2. Language Matters in Company Culture
JT is passionate about the way Scribe uses language to describe things because every word has a stigma and a notion. Here are a few examples of how Scribe uses language:
They are a tribe, not employees or co-workers
Tribe is about collective being, employees imply a separation of being
They say obstacles not weaknesses.
Obstacles can be overcome. Weaknesses are limiting.
They coach people, not train people.
As JT would say, “You train a dog, not a person!”
They use Career Description, not Job Description
As JT would say, “In no disrespect, if you want a job go to Subway, if you want a career, come to Scribe Media.”
3. Bringing Your Whole Self to Work: Uncovering Tribe Members Strengths & Obstacles
As a remote team, Scribe Media believes it’s important to get together in-person at least twice a year to strengthen relationships. Twice a year, they host Summits, which are four to five day gatherings in Austin, TX. During these Summits, they share meals, team-build, and go through a strengths and obstacles workshop.
The strengths and obstacles team-building session is a very intense and integral part of Scribe Media’s culture and is aligned with their philosophy of how to help employees bring their whole selves to work. This workshop has had profound impacts on employee’s self-awareness, discovery, and direction in life. Here’s how it works:
Each tribe member is asked to write down their strengths, their obstacles, and three things they want to commit to this year based on their own perceived strengths and obstacles. From there, either Tucker, JT, or Zach will serve as the facilitator and select a tribe member to share what they wrote down with everyone.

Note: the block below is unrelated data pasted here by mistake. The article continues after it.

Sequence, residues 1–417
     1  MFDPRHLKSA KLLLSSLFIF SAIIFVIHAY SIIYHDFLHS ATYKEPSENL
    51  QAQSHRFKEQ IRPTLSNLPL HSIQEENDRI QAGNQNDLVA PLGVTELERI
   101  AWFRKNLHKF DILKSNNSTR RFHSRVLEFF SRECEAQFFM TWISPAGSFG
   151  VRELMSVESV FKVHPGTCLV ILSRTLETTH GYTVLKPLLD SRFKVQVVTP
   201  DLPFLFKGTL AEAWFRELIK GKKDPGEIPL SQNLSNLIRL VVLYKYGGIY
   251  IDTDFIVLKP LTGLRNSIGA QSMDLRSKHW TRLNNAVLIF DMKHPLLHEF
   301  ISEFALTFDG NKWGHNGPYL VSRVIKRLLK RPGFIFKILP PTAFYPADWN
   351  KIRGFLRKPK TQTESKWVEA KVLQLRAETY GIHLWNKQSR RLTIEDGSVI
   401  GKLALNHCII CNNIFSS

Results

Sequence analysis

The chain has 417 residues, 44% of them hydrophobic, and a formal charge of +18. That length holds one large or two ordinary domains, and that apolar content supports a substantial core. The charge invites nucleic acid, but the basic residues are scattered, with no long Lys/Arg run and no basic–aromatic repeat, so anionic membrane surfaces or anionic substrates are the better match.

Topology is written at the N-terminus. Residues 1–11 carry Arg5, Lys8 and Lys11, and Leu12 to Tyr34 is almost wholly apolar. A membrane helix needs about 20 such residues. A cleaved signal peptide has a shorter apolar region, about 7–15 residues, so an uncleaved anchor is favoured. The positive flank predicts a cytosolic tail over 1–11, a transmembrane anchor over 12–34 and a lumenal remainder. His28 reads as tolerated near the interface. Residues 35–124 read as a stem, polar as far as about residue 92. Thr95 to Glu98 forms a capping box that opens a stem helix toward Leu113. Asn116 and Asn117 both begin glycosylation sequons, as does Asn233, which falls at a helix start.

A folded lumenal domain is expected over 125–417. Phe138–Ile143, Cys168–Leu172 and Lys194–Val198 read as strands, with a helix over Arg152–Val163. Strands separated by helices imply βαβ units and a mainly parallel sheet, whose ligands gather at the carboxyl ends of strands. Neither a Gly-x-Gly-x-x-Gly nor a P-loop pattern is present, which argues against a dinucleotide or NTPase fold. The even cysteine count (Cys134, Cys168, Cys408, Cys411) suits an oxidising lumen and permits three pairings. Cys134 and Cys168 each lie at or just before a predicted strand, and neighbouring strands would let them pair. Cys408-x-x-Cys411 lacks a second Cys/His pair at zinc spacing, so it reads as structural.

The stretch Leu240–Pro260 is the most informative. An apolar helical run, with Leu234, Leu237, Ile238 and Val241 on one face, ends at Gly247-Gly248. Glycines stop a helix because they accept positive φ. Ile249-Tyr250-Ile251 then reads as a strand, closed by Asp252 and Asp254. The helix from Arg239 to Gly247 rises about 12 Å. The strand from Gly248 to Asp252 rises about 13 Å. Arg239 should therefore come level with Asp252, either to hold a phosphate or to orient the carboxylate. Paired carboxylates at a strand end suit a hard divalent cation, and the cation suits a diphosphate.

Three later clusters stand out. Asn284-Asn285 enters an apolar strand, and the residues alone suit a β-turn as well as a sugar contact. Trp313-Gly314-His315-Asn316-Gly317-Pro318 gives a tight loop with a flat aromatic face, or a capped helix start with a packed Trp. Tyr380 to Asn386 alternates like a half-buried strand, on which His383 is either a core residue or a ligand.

After the person shares their strengths, the facilitator asks the rest of the tribe to weigh in and add to the list – what other strengths does this person have? The tribe members give their input and the list grows longer. The same happens for obstacles. Throughout the exercise, there are opportunities to dig into feedback from tribe members, share stories, and get deep. After the end of the two-three hour session, the tribe member commits to the three things they want to work on.
From there, the tribe member selects a whole self partner who is responsible for holding the person accountable to the three things they committed to working on. In other words, this person is responsible for helping their tribe member bring their whole self to work, which they call the “Whole Self Perspective.”
4. A Powerful Question to End Every Meeting With
After generously giving me two hours of his time, at the end of our conversation, JT surprised me by asking: “How did I serve you and what could I have done better?”
Likely seeing the confusion on my face, JT shared with me that he asks this question at the end of every meeting as a way to hold himself accountable to his value of servant leadership.
I was deeply impressed and appreciated the opportunity to reflect on our conversation, review my notes, provide feedback, and have the chance to ask for what I needed.
I thanked JT letting him know that he served me very well and that I had more than enough information. Little did I know, I would need JT’s help later that day once I realized I lost my wallet and ID and was stranded in Austin. But you can read that story here…